8. Believe he was referring to the AFCAD file. Quickest way (and since you have to use AFCAD to edit the file anyway) is to search AFCAD using the ICAO code. If you have a MOD file, then edit that one. If using stock airport, then there should only be one AFCAD labeled STOCK and edit that.Jerry PostKORF
  9. The fix is easy - just go in and edit your active AFCAD2 file for KMIA to renumber the runways to match AIRAC 0407. I use the Fly Tampa Miami scenery and edited the furnished AFCAD2 file as follows: Old New --- 8L/26R (new northern-most runway) 9L/27R 8R/26L 9R/27L 9/27 12/30 No changeDon't need to change anything else - ILS frequencies remain the same. You'll be able to select the right procedure in the PMDG FMC and have the FS9 ATC direct you to the new runway designations. Works for me.Jerry PostKORF
  10. Bill Bulfer's excellent B737NG FMC User's Guide contains a lengthy discussion of Cost Index. Alas, there are no tables, only a couple of specific graphs. Basically, Cost Index is the relative importance of time cost compared to fuel cost. A CI of 0 equals Max Specific Range (at ECON speed), while a CI of 500 equals Minimum Time. The wild card in this is the forecasted winds at cruise altitude which is unique to each flight and handled by the FMC. To quote Bill - "If you don't have a Cost Index that was arrived at in a scientific manner, you're simply using Cost Index as a means of choosing climb, cruise, and descent speeds." Higher CI = higher speeds. Since we're not paying for real fuel costs or associated flying hour costs, most of us are probably in this category. Indeed, a CI of 50 seems to be commonplace.I'd like to put in an unsolicited plug for Bill Blufer's manuals - the FMC Guide and the 737NG Cockpit Companion. URL is www.fmcguide.com. While somewhat pricey, they are what the real drivers carry in their flight bags.Jerry PostKORF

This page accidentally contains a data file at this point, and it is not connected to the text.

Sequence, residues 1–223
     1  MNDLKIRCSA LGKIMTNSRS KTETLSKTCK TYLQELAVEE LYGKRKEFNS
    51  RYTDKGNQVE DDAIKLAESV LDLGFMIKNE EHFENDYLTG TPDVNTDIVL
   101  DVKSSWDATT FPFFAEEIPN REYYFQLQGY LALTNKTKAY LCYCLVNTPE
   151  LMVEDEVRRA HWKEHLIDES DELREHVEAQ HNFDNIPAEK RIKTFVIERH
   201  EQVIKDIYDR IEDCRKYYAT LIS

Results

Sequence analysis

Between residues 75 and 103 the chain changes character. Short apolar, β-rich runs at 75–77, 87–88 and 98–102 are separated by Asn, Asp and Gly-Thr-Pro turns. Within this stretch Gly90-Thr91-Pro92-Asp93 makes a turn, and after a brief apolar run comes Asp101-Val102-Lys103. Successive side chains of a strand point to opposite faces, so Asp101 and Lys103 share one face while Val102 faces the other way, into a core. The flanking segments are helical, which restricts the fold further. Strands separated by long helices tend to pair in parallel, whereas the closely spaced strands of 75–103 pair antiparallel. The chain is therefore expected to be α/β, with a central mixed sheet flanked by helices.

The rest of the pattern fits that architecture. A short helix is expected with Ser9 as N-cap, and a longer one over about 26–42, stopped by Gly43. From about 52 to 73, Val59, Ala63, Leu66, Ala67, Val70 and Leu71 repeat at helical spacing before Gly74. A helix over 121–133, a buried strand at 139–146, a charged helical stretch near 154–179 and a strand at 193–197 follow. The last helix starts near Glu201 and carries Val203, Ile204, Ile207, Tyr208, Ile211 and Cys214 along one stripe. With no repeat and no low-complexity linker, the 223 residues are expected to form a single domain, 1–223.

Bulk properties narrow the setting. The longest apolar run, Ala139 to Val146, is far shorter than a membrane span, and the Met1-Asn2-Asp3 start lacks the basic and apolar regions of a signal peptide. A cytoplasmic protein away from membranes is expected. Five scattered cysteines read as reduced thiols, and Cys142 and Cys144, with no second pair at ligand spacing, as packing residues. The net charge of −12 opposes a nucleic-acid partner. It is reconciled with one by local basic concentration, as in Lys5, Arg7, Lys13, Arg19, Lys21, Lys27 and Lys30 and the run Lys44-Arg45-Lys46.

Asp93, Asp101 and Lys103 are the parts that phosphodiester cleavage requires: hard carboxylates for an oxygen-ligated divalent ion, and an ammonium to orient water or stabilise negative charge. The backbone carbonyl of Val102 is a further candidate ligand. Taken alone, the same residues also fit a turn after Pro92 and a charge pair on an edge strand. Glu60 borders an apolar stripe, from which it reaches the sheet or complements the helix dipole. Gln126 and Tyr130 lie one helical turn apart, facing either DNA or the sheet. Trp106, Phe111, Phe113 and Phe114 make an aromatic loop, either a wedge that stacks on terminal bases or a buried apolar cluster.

11. I was in the process of replying to an unhappy camper's posting when, lo and behold, the thread disappeared out from under me. Anyway, just wanted to extend some words of comfort to Damian and Team. If not appropriate, then delete.In reply to the complaint, let me state emphatically that the software does work as advertised. I installed and configured it as specified in the documentation and have not had a single problem. In over 15 years of computing, I've noticed that the vast preponderance of problems are caused by 1) failure to RTFM; 2) non-standard systems (either bargain basement components or improperly matched components); 3) uninformed "hacking" (changing settings or parameters without fully understanding what those settings affect; 4) installation of the latest "neat" applet without regard to how it may affect the overall system; and finally, 5) unreasonable expectations. No accusations here; merely an observation based on extensive experience.Folks need to take a deep breath and go look up the word "simulation" in the dictionary - most will tell you it's an "approximation" of a real world phenomenon. Also remember where FS9 is installed on your PC - it's under Microsoft Games - it's a game folks, not reality. I've dealt extensively with industrial strength simulations and simulators designed for the Department of Defense and I can guarantee you none of them were "exact" replications of the real world, at prices in excess of $1B (US). Go ask a major defense contractor to build you a weather sim for $20 or $30 and they'll die laughing. Get a grip.For Damian and team - keep up the good work. Deal with real issues as diligently as you have in the past and the vast silent majority will appreciate your efforts. For unhappy customers - sorry it didn't work for you; ask for a refund. Sorry for the Dennis Miller rant; not directed at anyone personally. As Dennis says, "It's just my opinion and I could be wrong."Jerry PostKORF